Port Adelaide coach Ken Hinkley should engineer as many “distractions” as he can.
“This renewed push has obviously come in the wake of the Sydney Swans’ announcement that the team will wear the old red-and-white South Melbourne jumper when they play in Melbourne.”
Here Cornes ties himself in many knots.
Why does he not argue – as he does repeatedly with Port Adelaide’s case to wear black and white in Showdowns hosted by Adelaide – that the Swans have no right to wear a heritage jumper in any games?
Why does he not declare – as he often does with Port Adelaide – that the Swans changed their name from “South Melbourne” to “Sydney” during the historic move from Lakeside in Melbourne to the Harbor City in 1982?
Why does Cornes not – as he tried with Port Adelaide – note that the Swans’ constitution and ownership has changed a few times since 1982 that the Sydney version should have no right to any of South Melbourne’s grand heritage that began in 1874 with blue and white?
Why? A huge difference between Port Adelaide and Sydney is that at Alberton every premiership cup – be it from the SANFL, AFL or the Champions of Australia series – is inscribed with “Won by Port Adelaide”.
Not so with Sydney.
“There isn’t another team in the competition with a similar jumper.”
Fremantle’s first heritage jumper – an interesting theme for a club formed in 1995 with no direct link to either the South or East Fremantle football clubs – is a red-and-white guernsey with a red V line that is almost identical to the South Melbourne/Sydney jumper.
Why did the Swans not protest against Fremantle borrowing the heritage of a very different Fremantle Football Club of the 1800s?
“The controversy and resentment that would accompany a prison-bar marketing campaign in the week of a Crows’ home Showdown would be an unwanted and unnecessary distraction.”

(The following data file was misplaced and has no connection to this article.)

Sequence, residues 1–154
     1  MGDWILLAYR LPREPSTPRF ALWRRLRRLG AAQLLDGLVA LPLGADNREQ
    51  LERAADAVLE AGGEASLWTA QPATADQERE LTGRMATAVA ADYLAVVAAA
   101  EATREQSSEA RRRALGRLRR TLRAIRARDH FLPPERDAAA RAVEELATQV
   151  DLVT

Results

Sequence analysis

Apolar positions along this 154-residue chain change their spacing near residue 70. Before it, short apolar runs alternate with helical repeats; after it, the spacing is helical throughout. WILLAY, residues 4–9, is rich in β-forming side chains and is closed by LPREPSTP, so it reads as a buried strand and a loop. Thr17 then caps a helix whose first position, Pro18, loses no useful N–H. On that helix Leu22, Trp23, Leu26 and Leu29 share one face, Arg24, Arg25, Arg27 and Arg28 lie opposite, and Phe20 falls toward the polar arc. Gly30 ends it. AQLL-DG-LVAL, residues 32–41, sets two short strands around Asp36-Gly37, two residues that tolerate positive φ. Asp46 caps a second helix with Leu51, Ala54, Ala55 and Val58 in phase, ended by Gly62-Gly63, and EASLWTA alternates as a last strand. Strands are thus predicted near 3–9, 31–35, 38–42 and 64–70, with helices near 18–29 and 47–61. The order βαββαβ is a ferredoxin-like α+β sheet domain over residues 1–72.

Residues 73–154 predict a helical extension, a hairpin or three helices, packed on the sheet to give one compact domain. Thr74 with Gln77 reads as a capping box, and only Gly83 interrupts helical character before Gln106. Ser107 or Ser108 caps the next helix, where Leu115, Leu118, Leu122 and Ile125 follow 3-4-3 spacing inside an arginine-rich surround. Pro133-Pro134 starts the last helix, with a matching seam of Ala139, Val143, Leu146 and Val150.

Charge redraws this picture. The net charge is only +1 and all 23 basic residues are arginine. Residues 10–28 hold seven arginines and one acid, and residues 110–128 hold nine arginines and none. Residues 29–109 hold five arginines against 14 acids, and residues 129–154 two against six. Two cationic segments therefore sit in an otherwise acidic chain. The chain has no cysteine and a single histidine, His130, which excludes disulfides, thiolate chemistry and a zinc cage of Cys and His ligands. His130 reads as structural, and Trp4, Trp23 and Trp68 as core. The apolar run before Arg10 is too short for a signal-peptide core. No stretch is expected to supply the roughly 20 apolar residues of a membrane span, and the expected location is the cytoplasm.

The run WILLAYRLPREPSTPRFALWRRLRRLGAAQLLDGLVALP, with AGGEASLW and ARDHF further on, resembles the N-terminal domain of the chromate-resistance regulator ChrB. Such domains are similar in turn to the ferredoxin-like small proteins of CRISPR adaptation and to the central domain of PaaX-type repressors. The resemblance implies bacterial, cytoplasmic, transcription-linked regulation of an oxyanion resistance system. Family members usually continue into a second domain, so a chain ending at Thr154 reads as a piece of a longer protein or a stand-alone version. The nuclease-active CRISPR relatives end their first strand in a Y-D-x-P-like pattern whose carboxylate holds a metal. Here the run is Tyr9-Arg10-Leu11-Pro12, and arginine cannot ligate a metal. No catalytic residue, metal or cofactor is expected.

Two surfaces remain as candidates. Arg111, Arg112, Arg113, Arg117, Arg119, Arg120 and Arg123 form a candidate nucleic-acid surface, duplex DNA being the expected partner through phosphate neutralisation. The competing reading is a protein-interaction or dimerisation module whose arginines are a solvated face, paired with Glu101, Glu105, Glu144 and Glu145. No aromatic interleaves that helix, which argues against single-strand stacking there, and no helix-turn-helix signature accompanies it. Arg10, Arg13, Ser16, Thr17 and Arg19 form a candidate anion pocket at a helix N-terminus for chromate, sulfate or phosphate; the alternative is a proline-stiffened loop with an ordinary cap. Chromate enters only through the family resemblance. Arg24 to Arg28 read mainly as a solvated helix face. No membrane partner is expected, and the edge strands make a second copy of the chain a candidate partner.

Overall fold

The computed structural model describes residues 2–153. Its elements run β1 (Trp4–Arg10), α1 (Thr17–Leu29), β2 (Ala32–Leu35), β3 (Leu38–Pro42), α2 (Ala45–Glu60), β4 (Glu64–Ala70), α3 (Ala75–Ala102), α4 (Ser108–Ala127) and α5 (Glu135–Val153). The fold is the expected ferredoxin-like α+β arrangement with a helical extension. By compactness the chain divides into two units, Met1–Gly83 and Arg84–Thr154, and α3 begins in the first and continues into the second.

Very good Graham. In the tone of fairness and equality, now argue for.
Port Adelaide president David Koch to demand Adelaide wear an alternative jumper – say all white – for Showdowns in which the Crows are the “away” team.
After all, wearing State colours of red, gold and blue in a derby makes all the difference.
Adelaide Football Club chairman John Olsen to demand Brisbane (with its Fitzroy guernsey) and Hawthorn (with its V jumper) never again come to Adelaide Oval with a heritage jumper to assist merchandise sales or a marketing campaign.
Or it is just a “Port Adelaide thing” Graham … and Mr Olsen?
Since when did any club dictate what the opposition wears in any game?
Surely that task belongs to the AFL football department with decisions made on the needs for contrast to assist in the presentation of the match, particularly for television.
“You can’t nuance black and white”.
So Cornes writes of the Collingwood and Port Adelaide black-and-white jumpers that have different designs. And what of Richmond and Essendon – all black with one club having a red sash; the other yellow. No issue of contrast or “nuance” there …
“For Port Adelaide to promote the club and market the old jumper around their home Showdown and the club’s history is understandable.”
Finally Graham, finally. So Port Adelaide is Port Adelaide and it can wear the bars … finally.